I want to be rich; perhaps this is the first time in my life I’ve felt this way. Money never mattered before. I was committed to Art with a capital A and to teaching. Of course my situation, living in my parents’ house, helped insulate me from the realities of paychecks and bills.

For that I am grateful. I didn’t have to struggle in squalor, and I don’t intend to live in squalor now. New York City is a paradise if you have money, and now I want some of that money.

I have nothing to apologize for. I’ve paid my dues with the little magazines paying in copies and the adjunct jobs that paid $675 a term. And where is it written that one has to pay dues anyway?

When I picked Dad up at the station this evening, he told me that Ivan sent his regards. Ivan knew who Dad was and introduced himself as “a friend of Richard’s.”

Ivan told Dad that he and his wife live in New Jersey now. He asked how I was doing, and Dad told him about my teaching and about my book’s “success.”

Dad said Ivan was dressed in jeans and “looks as though he has a nothing job, in charge of photostating or something.” Ivan asked if I was still seeing Ronna, and Dad said I was. But I’m not.

I did call Ronna last night. She had just gotten in, and when I asked from where, she said from painting her friend’s brother’s house in Sheepshead Bay.

I’m certain Ronna’s pretty serious about that guy Jordan; that’s why she’s never home and that’s why she’s unable to get to rewriting her résumé. Ronna, like her friend Susan, who’s supposed to be a writer, is a person who Talks rather than Does.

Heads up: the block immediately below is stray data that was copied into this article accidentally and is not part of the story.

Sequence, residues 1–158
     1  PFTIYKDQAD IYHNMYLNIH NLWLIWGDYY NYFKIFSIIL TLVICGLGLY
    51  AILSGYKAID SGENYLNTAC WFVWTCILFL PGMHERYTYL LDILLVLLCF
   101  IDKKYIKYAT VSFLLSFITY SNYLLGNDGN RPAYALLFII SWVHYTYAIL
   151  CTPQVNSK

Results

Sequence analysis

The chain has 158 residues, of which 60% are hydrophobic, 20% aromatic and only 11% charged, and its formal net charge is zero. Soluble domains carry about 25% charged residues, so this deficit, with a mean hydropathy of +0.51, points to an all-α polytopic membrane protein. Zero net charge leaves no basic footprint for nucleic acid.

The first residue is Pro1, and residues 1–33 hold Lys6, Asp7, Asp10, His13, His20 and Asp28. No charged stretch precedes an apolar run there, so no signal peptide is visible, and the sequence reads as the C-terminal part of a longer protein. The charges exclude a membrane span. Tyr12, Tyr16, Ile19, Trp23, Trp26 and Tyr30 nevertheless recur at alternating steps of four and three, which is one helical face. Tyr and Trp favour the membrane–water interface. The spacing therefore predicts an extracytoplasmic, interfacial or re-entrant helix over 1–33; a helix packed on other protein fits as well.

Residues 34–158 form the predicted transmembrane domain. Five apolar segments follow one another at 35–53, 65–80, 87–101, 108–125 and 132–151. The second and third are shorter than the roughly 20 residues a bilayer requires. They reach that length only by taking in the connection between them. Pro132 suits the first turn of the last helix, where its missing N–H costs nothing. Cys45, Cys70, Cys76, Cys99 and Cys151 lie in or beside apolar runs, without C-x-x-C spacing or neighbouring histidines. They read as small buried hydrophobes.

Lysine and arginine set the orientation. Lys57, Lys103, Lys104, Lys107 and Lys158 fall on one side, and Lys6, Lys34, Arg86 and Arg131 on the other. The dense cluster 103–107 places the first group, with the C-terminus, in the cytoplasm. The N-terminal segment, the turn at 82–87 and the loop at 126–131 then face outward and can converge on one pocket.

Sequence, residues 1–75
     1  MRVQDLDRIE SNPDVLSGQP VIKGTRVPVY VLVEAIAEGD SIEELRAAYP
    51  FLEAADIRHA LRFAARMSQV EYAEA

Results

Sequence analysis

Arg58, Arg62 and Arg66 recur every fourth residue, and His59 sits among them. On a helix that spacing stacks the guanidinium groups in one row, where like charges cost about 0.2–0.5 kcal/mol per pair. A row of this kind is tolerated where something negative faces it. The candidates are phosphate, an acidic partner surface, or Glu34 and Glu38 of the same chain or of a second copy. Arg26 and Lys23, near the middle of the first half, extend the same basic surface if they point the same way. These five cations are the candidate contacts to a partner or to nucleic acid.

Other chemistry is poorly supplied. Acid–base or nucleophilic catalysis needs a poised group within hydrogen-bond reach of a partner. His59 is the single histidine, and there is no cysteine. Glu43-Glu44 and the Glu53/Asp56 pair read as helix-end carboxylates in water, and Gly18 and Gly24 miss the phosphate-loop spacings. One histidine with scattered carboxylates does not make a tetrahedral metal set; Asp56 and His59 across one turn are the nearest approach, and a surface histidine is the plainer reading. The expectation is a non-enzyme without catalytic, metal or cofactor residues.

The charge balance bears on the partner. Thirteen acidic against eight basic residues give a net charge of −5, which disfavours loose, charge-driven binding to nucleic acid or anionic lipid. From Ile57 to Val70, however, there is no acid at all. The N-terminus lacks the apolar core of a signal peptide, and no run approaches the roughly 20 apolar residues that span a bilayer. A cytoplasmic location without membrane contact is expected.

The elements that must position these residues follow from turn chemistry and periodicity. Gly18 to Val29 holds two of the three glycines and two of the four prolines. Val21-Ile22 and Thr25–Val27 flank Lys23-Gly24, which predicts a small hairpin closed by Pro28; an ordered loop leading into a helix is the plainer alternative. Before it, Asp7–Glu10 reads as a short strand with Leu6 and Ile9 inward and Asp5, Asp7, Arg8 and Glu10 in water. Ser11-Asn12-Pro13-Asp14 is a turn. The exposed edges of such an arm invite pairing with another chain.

She’ll never get anywhere, and I’m sure she’ll take the easy way out by marrying and getting stuck in some rut. She’s entitled to a relationship with someone, of course, but she’s not as special as I once thought she was, and she’s better suited to some boring guy instead of me.

The end of our relationship had little to do with my gayness and much to do with the gulf between the ways we want to live our lives.

Yesterday at the pool Wesley and Marla agreed with me that the biggest success drives come from a need for revenge. Wes said that if a person isn’t given enough discouragement by others, he or she will not be motivated to succeed.

More and more I feel like a successful person, and I want to be around other people who are achievers. Am I becoming awful? Where’s old lovable self-doubting Richie?